Six years after his explosive report on the F-35 derailed the Harper government's plan to buy the controversial stealth aircraft, federal auditor-general Michael Ferguson is diving back into the fighter-jet file.
Ferguson's staff have been going over internal government records for several months, though the auditor general's office won't reveal exactly what aspects of the program are under the microscope.
The final report is scheduled for release in the fall.
Ferguson's last report on fighter jets in April 2012 was a bombshell which found senior defence officials twisted rules, downplayed problems and withheld information about the Harper government's plan to buy 65 F-35s.
The report forced the government to suspend the project pending a complete review, which eventually pegged the full cost of buying and operating the F-35s at more than $45-billion.
Six years later, Canada still has not chosen a new fighter jet to replace its aging CF-18s.
It is unlikely the auditor-general will find the kind of serious problems with the government's efforts to buy fighter jets as the last time, as the overall procurement system has been revamped with a variety of checks and balances.
The new review could instead turn on the government's plan to buy interim fighter jets and its arguably slow progress in holding a competition to replace the CF-18s, said defence analyst David Perry of the Canadian Global Affairs Institute.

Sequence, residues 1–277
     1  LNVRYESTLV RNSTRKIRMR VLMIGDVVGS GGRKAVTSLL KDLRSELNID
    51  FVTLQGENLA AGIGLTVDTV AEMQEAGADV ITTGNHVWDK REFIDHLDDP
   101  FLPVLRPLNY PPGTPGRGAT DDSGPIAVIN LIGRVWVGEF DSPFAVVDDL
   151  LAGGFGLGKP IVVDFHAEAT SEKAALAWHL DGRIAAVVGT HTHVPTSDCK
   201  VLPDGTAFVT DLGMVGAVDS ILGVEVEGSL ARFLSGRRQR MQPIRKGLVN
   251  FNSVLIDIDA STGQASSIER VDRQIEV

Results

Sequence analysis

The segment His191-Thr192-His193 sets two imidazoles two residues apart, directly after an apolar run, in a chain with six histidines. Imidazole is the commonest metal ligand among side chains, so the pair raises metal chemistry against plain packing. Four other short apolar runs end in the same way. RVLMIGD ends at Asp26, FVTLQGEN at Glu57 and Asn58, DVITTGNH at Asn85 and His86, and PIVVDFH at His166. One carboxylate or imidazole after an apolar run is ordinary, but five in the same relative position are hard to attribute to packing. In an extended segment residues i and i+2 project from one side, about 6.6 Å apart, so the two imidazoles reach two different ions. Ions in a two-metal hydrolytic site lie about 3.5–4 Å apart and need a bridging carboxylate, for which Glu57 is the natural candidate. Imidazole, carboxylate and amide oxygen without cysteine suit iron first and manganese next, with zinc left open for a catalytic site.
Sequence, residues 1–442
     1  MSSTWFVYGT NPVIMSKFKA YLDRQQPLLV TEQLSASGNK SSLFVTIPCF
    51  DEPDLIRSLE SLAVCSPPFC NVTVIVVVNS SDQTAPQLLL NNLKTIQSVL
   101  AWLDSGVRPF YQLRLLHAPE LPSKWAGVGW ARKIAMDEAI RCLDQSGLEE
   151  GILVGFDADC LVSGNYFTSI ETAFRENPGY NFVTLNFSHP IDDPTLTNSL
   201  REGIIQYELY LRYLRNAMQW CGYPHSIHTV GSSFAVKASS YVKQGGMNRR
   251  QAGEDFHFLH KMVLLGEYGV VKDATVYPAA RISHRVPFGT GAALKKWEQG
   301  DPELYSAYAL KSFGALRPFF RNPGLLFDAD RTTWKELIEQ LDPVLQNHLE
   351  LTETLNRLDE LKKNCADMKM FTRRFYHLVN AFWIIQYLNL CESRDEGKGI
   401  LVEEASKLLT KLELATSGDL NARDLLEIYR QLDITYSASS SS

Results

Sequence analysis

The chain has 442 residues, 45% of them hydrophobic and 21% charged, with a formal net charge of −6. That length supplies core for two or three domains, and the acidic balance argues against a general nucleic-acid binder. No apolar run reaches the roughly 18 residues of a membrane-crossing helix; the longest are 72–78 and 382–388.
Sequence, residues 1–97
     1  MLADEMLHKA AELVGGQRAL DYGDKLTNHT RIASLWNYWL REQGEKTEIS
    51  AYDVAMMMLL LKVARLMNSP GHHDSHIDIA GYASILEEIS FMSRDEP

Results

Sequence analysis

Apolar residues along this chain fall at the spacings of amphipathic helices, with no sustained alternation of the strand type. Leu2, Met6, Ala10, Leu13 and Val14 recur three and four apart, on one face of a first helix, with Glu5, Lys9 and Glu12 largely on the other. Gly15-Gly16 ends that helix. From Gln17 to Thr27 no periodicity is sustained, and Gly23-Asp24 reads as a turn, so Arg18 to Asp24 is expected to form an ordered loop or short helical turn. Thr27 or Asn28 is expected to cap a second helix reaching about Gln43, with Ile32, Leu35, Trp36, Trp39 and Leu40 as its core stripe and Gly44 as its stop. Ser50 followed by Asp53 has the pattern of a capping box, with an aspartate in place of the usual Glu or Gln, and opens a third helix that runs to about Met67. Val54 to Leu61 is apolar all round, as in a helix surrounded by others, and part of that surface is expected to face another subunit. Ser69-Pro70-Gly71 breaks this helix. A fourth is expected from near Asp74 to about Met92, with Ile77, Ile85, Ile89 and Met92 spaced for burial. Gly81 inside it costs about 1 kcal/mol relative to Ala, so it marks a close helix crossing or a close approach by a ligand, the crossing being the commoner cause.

"How much benefit and at what cost will Canada obtain fighter aircraft by virtue of going through an interim fighter purchase as well as doing a life extension?" Perry said.
"For me, one of the biggest concerns is that the process from this point forward is not exactly lightning quick."
The Liberals announced in November that they plan to buy used fighter jets from Australia – rather than new Super Hornets from Boeing – as a stop-gap until the entire CF-18 fleet can be replaced.
The new planes were originally expected by 2025, but documents provided to industry last week show the new target is 2031, as the government plans to take its time with a competition.
The delay is almost certain to mean another round of expensive and complicated life extensions to the CF-18s, which will be 50 years old by the time the last are retired.
Previous reports have determined that any life extensions to the CF-18s beyond 2025 would be "a high-risk option in terms of cost, schedule and technical factors."
Many defence analysts and retired military officials have questioned the need for interim fighters and urged an immediate competition, rather than waiting several years.